This is one of my latest creations and for which I took a lot of inspiration from some vivid original color photos of 1944 German positions along the Normandy coast line. I then took myself back to 1944 in the autumn before D-Day and decided that this Luftwaffe anti-flak soldier found himself wanting to try and blend in with some of the French oak trees surrounding his field post and so applied some burgundy red to his helmet which is a color most often seen in Luftwaffe helmets and was inspired from some of the original Normandy camos on my site which used a burgundy type of brown red. Of all of the original Normandy camo helmets I’ve held in hand I must say that beyond your standard yellow tans, dark greens and reddish browns the 4th and 5th most common paint colors encountered are burgundy red, kacki greens and deep yellows all of which are historically accurate. Let us always remember that that Luftwaffe units had the most amount of downtime as they are rarely exposed to front line combat compared to the Wehrmacht and was more stationary and so had access to a greater variety of local paints.
The inside liner is 100% original to the helmet and was used by the LW solider himself as the lot numbers bare out. I intentionally made the paint spray a little sloppy in places to create nicely crude drip effects and aged the paint down to a full year of combat from 1944-45. Overall I think it’s really looks the part and would be a $3,000 helmet all day long if the paint was 100% original.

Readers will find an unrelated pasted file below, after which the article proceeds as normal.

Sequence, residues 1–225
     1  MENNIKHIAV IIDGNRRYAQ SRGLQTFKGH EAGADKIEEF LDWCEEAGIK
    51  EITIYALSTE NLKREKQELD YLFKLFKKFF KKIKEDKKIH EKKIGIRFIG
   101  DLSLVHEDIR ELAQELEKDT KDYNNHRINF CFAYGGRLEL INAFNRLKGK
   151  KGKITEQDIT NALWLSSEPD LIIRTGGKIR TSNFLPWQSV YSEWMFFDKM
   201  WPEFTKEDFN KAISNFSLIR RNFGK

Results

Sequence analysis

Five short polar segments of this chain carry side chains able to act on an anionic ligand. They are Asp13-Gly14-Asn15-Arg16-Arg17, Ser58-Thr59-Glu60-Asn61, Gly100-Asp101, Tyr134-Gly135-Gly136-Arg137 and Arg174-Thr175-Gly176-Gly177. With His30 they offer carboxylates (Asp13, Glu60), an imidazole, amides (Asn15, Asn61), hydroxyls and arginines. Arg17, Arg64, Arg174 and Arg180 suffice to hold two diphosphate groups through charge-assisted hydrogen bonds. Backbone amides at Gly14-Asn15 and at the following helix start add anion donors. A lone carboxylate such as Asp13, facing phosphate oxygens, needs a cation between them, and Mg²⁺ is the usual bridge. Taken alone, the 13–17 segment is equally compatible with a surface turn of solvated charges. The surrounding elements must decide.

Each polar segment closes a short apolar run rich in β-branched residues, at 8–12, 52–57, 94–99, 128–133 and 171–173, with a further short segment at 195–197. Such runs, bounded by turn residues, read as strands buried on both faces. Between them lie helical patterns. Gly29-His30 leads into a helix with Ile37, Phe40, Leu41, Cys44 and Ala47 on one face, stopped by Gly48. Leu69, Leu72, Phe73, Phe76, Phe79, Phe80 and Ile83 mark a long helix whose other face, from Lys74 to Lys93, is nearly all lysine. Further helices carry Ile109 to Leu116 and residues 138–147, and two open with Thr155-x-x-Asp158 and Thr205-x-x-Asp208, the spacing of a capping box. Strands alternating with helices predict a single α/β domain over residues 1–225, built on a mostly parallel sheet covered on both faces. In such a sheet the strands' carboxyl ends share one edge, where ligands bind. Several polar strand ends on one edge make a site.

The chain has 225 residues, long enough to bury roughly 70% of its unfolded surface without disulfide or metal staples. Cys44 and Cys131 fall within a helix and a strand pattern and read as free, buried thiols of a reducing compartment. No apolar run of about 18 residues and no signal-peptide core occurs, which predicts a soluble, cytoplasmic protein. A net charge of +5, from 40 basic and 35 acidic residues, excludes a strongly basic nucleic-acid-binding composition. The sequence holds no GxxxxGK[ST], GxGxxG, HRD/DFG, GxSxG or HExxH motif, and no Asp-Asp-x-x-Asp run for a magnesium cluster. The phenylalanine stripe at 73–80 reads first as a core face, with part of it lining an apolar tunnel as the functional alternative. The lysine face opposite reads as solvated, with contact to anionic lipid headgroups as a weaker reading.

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GERMAN HELMET FACTORY PRODUCTION CODES
(Every original German helmet produced from 1935 to 45 had two factory stampings punched into the side and rear or both in the rear. The alpha numeric number refers to the factory location and the inside metric circumference in centimeters. The rear lot number refers to the production run and was used as a quality control measure. The font styles used at each factory were slightly different but highly consistent throughout the war and so fakes or reproductions will either not have these numbers at all or they will use the wrong font style or letter spacing and so are easily identified as post war made.)
(FS or EF)-Emaillierwerke AG, Fulda, Germany
(ET or ckl)-Eisenhuttenwerke, Thale, Germany
(Q)-Quist, Esslingen, Germany
(NS)-Vereinigte Deutsche Nikelwerke, Schwerte, Germany
(SE or hkp)-Sachsische Emaillier u. Stanzwerke, Lauter, Germany